Purpose and aims:
The overall purpose of this study is to identify a novel and clinically reliable biomarker signature to predict disease progression in patients with Mycosis fungoides (MF) and Sézary syndrome (SS). Within the scope of the two-year postdoctoral position, the primary aim is to discover immunological changes in tissue samples collected from the clinical trial participants at baseline and over the course of 12 months in order to investigate a new biomarker expression pattern associated with disease progression. Phenotypic profiling of immune cell subpopulations and in-situ multiplexed RNA and protein expression analysis in the lymphoma microenvironment will be performed. Disease severity and response to treatment will be assessed for each identified biomarker. The significance of association and predictive power of the latter will be validated and compared against traditional parameters currently in clinical practice.
MF and SS are the most common types of cutaneous T cell lymphomas (CTCL) (1). They are clinically, histologically, phenotypically and genetically a very heterogeneous group of disease. MF is the most common type with a chronic and indolent manifestation for which clinical course of progression is unpredictable (2). In contrast, SS is a rare and more aggressive type exhibiting poor disease outcome. In general, male predominance (2:1) is manifested, while female patients demonstrate a better disease prognosis than men, which has been previously attributed to a potential effect of oestrogens on immune cell function (2). Although much progression has been accomplished for the management of patients’ treatment according to disease stage, the response to treatment is often unpredictable and 34% of patients at early stages will eventually progress (2). Therefore, there is still the unmet need to identify reliable markers for prediction of disease progression. In the last decade, data mainly from retrospective studies derived from large cohorts of patients have identified important clinicopathological prognostic factors (1, 2). Increasing age (>60 years), male gender, large-cell transformation in the skin, increased levels of serum lactate dehydrogenase (LDH), an identical T-cell clone in the blood and skin as well as loss of CD7 T cell antigen have been associated with worse overall survival (OS) (1, 2). Additional parameters including the number of tumour infiltrating FOXP3+ Tregs has been inversely associated with disease stage and patients’ survival (3). However, at the present moment the exact sequence of events facilitating disease progression remains unclear (4).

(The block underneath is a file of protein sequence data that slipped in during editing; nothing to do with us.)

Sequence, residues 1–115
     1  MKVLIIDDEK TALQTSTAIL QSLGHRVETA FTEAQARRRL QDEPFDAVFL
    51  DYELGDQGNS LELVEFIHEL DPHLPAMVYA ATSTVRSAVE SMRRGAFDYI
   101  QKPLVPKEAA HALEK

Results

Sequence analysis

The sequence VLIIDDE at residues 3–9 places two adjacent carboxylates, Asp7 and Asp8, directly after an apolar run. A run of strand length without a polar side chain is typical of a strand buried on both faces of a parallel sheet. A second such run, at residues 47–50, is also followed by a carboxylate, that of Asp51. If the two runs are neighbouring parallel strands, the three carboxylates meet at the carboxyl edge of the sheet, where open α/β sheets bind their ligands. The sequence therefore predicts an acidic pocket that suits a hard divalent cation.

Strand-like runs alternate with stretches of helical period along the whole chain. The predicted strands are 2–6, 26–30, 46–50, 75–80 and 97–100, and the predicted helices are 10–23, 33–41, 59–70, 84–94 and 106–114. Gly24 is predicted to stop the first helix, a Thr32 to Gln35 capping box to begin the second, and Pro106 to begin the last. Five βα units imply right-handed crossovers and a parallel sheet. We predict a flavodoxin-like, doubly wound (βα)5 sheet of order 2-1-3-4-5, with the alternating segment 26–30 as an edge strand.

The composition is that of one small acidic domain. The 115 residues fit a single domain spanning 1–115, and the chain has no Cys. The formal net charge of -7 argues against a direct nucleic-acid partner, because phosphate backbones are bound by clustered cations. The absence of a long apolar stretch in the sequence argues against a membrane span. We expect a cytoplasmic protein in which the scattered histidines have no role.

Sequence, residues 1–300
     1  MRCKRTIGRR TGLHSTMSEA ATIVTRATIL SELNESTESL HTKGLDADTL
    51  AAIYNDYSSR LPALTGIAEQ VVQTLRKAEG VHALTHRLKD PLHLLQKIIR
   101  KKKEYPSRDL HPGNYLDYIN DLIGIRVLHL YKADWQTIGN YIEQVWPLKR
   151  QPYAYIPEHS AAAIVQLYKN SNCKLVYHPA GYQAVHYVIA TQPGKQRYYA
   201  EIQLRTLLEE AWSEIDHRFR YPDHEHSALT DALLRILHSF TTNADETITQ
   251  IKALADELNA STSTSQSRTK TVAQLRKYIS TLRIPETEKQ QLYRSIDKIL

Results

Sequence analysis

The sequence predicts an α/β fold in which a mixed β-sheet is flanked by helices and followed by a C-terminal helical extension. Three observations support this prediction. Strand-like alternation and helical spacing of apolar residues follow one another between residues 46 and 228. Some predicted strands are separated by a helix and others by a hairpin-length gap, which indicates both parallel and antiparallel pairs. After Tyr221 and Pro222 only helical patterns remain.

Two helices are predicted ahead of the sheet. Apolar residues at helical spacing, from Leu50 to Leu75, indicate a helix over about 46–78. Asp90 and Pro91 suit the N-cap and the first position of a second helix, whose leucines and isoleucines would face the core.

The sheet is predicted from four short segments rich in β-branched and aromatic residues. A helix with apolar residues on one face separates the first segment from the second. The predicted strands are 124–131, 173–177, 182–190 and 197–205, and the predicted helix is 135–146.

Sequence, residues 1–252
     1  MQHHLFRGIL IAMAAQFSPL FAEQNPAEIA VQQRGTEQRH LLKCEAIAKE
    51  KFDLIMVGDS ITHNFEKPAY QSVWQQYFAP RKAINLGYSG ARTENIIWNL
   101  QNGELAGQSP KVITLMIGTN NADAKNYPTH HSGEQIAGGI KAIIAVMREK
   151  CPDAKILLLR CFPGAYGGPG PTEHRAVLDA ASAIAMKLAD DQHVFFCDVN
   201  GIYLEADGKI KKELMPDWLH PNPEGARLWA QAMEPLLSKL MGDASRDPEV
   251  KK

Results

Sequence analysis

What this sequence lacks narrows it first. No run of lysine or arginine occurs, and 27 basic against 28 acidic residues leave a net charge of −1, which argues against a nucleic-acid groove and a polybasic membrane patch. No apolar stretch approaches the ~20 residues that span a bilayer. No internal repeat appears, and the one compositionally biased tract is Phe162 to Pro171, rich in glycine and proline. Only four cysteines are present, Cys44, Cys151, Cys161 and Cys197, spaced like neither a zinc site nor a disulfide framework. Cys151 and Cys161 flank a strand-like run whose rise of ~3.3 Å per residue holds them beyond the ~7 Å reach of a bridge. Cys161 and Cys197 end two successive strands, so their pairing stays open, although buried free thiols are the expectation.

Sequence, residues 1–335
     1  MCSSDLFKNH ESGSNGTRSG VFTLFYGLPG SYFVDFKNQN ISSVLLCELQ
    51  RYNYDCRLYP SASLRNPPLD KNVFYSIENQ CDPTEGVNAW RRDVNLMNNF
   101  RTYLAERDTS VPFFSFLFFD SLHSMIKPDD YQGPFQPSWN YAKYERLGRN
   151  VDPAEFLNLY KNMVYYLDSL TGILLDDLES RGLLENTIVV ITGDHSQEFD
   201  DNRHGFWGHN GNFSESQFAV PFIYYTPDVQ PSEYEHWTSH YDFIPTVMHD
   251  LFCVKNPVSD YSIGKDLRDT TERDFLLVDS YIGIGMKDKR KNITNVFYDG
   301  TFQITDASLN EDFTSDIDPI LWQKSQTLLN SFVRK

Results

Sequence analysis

The project is connected to the BIO-MUSE clinical trial headed by Kristina Drott at Skåne University Hospital (SUS), and in close contact with the collaboration partners of the study including Emma Belfrage, SUS and Hanna Brauner, Karolinska Institute and several other experts in dermatology, oncology, microbiology and immunology at SUS.
1. Scarisbrick JJ, Prince HM, Vermeer MH, Quaglino P, Horwitz S, Porcu P, et al. Cutaneous Lymphoma International Consortium Study of Outcome in Advanced Stages of Mycosis Fungoides and Sezary Syndrome: Effect of Specific Prognostic Markers on Survival and Development of a Prognostic Model. Journal of Clinical Oncology. 2015;33(32):3766-73.
2. Agar NS, Wedgeworth E, Crichton S, Mitchell TJ, Cox M, Ferreira S, et al. Survival Outcomes and Prognostic Factors in Mycosis Fungoides/Sezary Syndrome: Validation of the Revised International Society for Cutaneous Lymphomas/European Organisation for Research and Treatment of Cancer Staging Proposal. Journal of Clinical Oncology. 2010;28(31):4730-9.
3. Gjerdrum LM, Woetmann A, Odum N, Burton CM, Rossen K, Skovgaard GL, et al. FOXP3+ regulatory T cells in cutaneous T-cell lymphomas: association with stage and survival. Leukemia. 2007;21(12):2512-8.
4. Nicolay JP, Felcht M, Schledzewski K, Goerdt S, Geraud C. Sezary syndrome: old enigmas, new targets. Journal Der Deutschen Dermatologischen Gesellschaft. 2016;14(3):256-64.